Former security engineer sentenced to three years in prison for hacking two decentralized cryptocurrency exchanges


Date: April 12, 2024


Damian Williams, the United States Attorney for the Southern District of New York, announced today that Shakeeb Ahmed was sentenced today to three years in prison by U.S. District Judge Victor Marrero for hacking two separate decentralized cryptocurrency exchanges and stealing cryptocurrency worth over $12 million. Ahmed previously pled guilty to computer fraud.

U.S. Attorney Damian Williams said: “Today, Shakeeb Ahmed was sentenced to prison in the first ever conviction for the hack of a smart contract and ordered to forfeit all of the stolen crypto. No matter how novel or sophisticated the hack, this Office and our law enforcement partners are committed to following the money and bringing hackers to justice. And as today’s sentence shows, time in prison — and forfeiture of all the stolen crypto — is the inevitable consequence of such destructive hacks.”

According to the charging documents and other filings and statements made in court:

On or about July 2 and 3, 2022, Ahmed carried out an attack on a decentralized cryptocurrency exchange (the “Crypto Exchange”), in which he used fake pricing data to generate approximately $9 million worth of inflated fees, then withdrew those fees in the form of cryptocurrency. After he stole the fees, Ahmed had communications with the Crypto Exchange in which he agreed to return all of the stolen funds except for $1.5 million if the Crypto Exchange agreed not to refer the attack to law enforcement.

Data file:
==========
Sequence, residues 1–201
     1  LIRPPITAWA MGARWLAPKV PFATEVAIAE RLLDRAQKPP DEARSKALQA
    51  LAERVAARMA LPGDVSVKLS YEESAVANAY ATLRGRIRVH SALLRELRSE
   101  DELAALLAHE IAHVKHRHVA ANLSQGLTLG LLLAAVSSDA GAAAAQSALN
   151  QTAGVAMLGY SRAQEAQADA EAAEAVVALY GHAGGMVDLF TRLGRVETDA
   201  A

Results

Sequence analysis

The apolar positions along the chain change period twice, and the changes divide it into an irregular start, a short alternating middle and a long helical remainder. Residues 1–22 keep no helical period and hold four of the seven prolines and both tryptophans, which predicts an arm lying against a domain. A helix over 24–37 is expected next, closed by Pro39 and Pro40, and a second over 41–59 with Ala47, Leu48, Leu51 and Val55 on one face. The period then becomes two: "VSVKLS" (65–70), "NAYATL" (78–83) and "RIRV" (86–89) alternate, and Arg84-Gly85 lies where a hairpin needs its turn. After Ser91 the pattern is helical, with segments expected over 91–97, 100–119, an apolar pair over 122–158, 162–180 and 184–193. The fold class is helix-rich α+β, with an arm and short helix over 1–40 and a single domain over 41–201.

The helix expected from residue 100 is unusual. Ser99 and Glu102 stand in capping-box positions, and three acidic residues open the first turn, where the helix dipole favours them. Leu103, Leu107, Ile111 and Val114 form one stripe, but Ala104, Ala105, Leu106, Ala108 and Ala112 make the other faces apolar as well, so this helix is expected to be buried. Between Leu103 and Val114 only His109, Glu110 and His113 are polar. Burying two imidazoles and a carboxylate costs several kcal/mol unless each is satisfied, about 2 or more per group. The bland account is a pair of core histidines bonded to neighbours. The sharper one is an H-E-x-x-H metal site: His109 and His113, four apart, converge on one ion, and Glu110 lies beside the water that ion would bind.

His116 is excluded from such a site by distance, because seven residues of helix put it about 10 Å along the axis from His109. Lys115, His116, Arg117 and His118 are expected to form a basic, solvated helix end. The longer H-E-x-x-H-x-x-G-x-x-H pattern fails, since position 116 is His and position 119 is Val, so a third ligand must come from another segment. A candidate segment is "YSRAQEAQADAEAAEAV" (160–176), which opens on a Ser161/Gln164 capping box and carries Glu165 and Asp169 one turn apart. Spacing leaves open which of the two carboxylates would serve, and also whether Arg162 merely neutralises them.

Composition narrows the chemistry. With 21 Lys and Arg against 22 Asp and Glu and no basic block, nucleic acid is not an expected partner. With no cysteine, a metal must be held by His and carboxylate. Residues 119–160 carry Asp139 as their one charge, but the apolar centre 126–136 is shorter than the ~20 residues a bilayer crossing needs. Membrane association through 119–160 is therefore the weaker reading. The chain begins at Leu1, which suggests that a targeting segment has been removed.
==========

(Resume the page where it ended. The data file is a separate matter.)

On or about July 28, 2022, a few weeks after the hack of the Crypto Exchange, Ahmed carried out an attack on a second decentralized cryptocurrency exchange called Nirvana Finance (“Nirvana”). Ahmed used an exploit he discovered in Nirvana’s smart contracts to allow him to purchase cryptocurrency from Nirvana at a lower price than the contract was designed to allow. He then immediately resold that cryptocurrency to Nirvana at a higher price. Nirvana offered Ahmed a “bug bounty” of as much as $600,000 to return the stolen funds, but AHMED instead demanded $1.4 million, did not reach agreement with Nirvana, and kept all the stolen funds. The $3.6 million AHMED stole represented approximately all the funds possessed by Nirvana, which as a result shut down shortly after Ahmed’s attack.

Ahmed laundered the millions that he stole from the Crypto Exchange and from Nirvana to conceal their source and ownership, using sophisticated techniques including token-swap transactions; “bridging” fraud proceeds from the Solana blockchain over to the Ethereum blockchain; exchanging fraud proceeds into Monero, an anonymized cryptocurrency that is particularly difficult to trace; using overseas cryptocurrency exchanges; and using cryptocurrency mixers, such as Samourai Whirlpool.

At the time of both attacks, Ahmed, a U.S. citizen, was a senior security engineer for an international technology company, whose resume reflected skills in, among other things, reverse engineering smart contracts and blockchain audits, which are some of the specialized skills Ahmed used to execute the hacks.

In addition to the prison term, Ahmed of New York, New York, was sentenced to three years of supervised release. AHMED was also ordered to forfeit approximately $12.3 million and a significant quantity of cryptocurrency and pay restitution to the Crypto Exchange and Nirvana in the amount of over $5 million.

Mr. Williams praised the outstanding work of Internal Revenue Service Criminal Investigation (CI) and Homeland Security Investigations.

The case is being prosecuted by the Office’s Illicit Finance and Money Laundering Unit and Complex Frauds and Cybercrime Unit. Assistant U.S. Attorneys David R. Felton and Kevin Mead are in charge of the prosecution.

CI is the criminal investigative arm of the IRS, responsible for conducting financial crime investigations, including tax fraud, narcotics trafficking, money-laundering, public corruption, healthcare fraud, identity theft and more. CI special agents are the only federal law enforcement agents with investigative jurisdiction over violations of the Internal Revenue Code, obtaining a more than a 90 percent federal conviction rate. The agency has 20 field offices located across the U.S. and 12 attaché posts abroad.